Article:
So. This hike’s from two months (!) ago, but I’m somehow just getting around to posting about it now. Something about the holidays and school and and and… I actually started to write it once, but it didn’t seem to fit here, so it became the first post on my new blog, which is also about hiking, but is more… personal?
Anyway, my last hike of the year last year was with my dad to the north end of Olympic National Park. It was sort of a nice book end: KRock and my first trip of the year was in the Olympics, up near Buckhorn Mountain.
It was my dad’s birthday, and, miraculously, it corresponded with a window of sun. The plan was to start from the Upper Dungeness Trailhead, take the Upper Dungeness Trail to the Home Lake Trail, follow the Home Lake Trail to the National Park boundary where it becomes the Constance Pass Trail, and finally take that past Home Lake and Constance Pass to its high point on Del Monte Ridge. (I’m making it sound more complicated than it is.)
We left Portland at 4:30. My pops was kind enough to drive, so I slept until we got to the peninsula, and even then I was only vaguely awake until we made it to the bumpy Forest Service road out of Sequim. We got to the trailhead a little before ten. It was cold.
The Upper Dungeness Trail follows the Dungeness River for the first few miles until it reaches a very nice shelter at Camp Handy.
After Camp Handy, the trail forks, with one side continuing along the Dungeness toward Heather Creek and Basin, and the other heading uphill, away from river. We took the latter. At this point, we’d walked maybe three miles and only gained 600′. We owed the trail some elevation. There were a bunch of lovely side creeks, though. It felt a lot like walking up Herman Creek.
As we ascended, the views opened up more and more, and we could finally see the surrounding mountains.
After a bit of a climb, we hit the Boulder Shelter, and the junction with the Home Lake Trail. This would be a great place to set up camp, especially in foul weather, as the three-sided shelter is big and seemingly pretty well protected. There’s water nearby, and, in addition to the the trail to Home Lake, dayhike options to Charlia Lakes and Marmot Pass. A good reason to come back…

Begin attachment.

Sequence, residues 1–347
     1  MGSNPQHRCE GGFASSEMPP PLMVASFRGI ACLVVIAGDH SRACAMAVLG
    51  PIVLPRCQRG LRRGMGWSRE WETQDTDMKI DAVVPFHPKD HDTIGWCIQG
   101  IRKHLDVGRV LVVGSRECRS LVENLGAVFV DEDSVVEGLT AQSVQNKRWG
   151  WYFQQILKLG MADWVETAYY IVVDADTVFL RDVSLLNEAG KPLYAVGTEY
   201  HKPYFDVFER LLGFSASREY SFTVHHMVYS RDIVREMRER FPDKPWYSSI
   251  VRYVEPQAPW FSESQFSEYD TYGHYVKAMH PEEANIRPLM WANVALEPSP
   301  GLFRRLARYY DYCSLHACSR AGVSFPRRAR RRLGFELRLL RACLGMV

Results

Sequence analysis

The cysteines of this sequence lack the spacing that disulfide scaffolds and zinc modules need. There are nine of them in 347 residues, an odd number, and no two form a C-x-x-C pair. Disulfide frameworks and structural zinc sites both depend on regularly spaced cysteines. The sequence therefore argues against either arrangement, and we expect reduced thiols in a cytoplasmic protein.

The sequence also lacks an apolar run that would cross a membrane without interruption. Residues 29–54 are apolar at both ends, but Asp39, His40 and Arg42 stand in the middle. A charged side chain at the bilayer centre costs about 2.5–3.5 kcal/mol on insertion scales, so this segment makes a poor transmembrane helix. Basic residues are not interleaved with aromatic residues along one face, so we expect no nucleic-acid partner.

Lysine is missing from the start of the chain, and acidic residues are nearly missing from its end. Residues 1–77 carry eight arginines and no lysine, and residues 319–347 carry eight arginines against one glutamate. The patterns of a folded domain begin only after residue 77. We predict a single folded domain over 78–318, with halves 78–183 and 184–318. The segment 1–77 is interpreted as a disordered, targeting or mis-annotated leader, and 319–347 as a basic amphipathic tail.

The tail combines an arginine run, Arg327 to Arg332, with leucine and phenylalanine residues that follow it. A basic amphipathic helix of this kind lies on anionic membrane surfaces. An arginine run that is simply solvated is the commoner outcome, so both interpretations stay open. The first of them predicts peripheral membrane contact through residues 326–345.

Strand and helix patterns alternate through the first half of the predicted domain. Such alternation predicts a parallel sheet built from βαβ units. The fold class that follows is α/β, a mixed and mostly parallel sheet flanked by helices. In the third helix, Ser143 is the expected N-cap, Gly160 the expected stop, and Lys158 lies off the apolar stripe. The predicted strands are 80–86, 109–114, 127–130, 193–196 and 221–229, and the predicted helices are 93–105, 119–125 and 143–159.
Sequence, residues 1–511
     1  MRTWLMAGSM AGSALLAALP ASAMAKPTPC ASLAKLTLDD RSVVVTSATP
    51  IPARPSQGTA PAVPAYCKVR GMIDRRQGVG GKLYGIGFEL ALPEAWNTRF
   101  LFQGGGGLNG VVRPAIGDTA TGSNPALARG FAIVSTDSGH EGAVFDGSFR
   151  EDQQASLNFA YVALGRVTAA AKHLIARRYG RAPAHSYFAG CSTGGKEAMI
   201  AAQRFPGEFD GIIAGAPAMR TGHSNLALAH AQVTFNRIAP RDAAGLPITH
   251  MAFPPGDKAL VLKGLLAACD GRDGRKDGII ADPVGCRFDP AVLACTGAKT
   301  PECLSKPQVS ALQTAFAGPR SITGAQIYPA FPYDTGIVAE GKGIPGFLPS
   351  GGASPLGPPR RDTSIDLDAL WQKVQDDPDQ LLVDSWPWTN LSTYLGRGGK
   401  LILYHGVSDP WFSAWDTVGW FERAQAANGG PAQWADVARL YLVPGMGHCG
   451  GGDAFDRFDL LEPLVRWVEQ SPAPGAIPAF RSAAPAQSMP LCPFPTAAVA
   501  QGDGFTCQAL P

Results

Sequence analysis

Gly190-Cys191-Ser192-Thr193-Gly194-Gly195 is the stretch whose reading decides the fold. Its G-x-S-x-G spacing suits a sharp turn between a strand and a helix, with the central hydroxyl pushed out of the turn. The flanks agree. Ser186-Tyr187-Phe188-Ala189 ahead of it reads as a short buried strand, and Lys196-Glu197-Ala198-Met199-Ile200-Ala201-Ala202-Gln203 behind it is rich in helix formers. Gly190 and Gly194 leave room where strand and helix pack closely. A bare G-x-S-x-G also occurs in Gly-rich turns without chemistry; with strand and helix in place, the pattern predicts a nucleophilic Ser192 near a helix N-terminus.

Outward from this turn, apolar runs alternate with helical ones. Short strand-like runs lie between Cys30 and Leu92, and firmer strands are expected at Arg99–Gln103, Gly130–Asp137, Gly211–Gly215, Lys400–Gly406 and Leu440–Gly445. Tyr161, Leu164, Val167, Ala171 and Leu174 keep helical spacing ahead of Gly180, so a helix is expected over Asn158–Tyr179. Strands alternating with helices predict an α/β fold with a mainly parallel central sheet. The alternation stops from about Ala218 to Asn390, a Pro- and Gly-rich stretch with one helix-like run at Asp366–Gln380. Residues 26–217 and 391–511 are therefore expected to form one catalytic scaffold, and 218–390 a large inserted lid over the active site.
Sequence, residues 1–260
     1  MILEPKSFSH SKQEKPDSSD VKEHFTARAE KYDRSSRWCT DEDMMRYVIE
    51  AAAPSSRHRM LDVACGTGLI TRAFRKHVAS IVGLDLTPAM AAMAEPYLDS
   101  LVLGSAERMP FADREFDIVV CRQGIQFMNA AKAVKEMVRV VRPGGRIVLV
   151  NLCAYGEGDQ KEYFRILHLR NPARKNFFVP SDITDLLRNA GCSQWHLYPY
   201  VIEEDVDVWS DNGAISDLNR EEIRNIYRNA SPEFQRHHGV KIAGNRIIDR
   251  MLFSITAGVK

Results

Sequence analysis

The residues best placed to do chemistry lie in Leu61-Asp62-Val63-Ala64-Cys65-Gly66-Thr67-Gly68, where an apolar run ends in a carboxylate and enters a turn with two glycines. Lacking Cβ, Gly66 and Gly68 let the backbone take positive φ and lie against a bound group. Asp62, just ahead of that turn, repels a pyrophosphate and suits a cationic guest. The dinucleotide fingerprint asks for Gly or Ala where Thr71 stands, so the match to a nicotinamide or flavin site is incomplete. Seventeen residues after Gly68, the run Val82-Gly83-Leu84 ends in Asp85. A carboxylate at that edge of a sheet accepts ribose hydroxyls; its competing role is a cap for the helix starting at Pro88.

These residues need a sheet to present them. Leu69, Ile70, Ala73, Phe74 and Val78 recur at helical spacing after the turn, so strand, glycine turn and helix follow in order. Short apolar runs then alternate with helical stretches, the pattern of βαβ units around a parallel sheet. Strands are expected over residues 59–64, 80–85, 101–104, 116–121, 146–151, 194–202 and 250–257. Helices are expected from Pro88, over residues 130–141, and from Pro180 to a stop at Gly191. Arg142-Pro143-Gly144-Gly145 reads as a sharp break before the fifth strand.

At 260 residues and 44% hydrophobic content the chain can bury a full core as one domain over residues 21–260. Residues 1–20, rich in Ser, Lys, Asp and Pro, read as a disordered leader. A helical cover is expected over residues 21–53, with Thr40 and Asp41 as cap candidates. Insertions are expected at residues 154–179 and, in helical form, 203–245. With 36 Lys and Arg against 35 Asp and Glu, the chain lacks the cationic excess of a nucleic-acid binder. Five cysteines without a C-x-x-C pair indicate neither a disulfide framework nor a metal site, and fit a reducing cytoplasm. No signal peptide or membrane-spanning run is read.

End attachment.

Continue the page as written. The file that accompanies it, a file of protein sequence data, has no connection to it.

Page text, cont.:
This time we just fooled around for a little while and had some lunch. I’d made some, uh, unwise dining choices the night before (“I bet I can eat half of the salsa in this bottle!”), and, just after lunch, my stomach started to complain a little. Funny how something that small can affect things so much, but I slowed way, way down. My dad’s way faster than me on a good day, and now he was running way ahead. Still, the scenery was a nice consolation. Continuing on the Home Lake trail from the shelter we almost immediately entered the National Park, and the views almost immediately opened up a bit more.
It took us longer that we’d hoped to get to Home Lake, so we just stopped there long enough to get some water for the night.
From the lake, it’s only a few hundred feet and maybe half a mile up to Constance Pass, where the views open up to the south over the Dosewallips drainage, to the west deep into the National Park, and east across the Hood Canal all the way to the Washington volcanoes. It was just incredible. We followed the trail as it continued up another 700′ or so to Del Monte Ridge, and just as we got to camp at the ridge’s high point, the sun began to set and all the mountains turned red.
We got the tent and everything set up just before dark, then settled in for a cold, cold night. Night time in the mountains is one of my favorite things about backpacking. I think we drank at least a pint of brandy between the two of us, just sitting out on the frozen ground. I’m glad I got to be with my dad for his birthday.
The night was cold – I went to sleep wearing nearly all of my clothes – but we woke up to a clear sunrise over the Washington volcanoes. Before breakfast, I ran around for a while taking pictures of all the things I’d only sort of noticed on the way in, mostly the ranges and ranges of peaks looking south into the Park.
The thing about having something very close to 360° views is that you tend to forget about little things like eating and drinking. But, eventually, we remembered the existence of basic human needs, and had a leisurely breakfast. But we weren’t ready to give up the gawking just yet, so we decided to take a quick jaunt along the remainder of the ridge before heading out. We packed up our stuff then picked our way along the off trail but very easy route. The views changed pretty much every step. At the end of the ridge – or, at least, as far as you could go without some scrambling – there are gorgeous views down into Heather Basin and further still into the Olympic range.
We eventually headed back to camp, picked up our bags, and headed back down to Constance Pass and Home Lake, this time hanging out for a little to take some pictures. Then it was just the usual hike in reverse, back along Warrior Peak, down through the forest to the river, and across a couple bridges.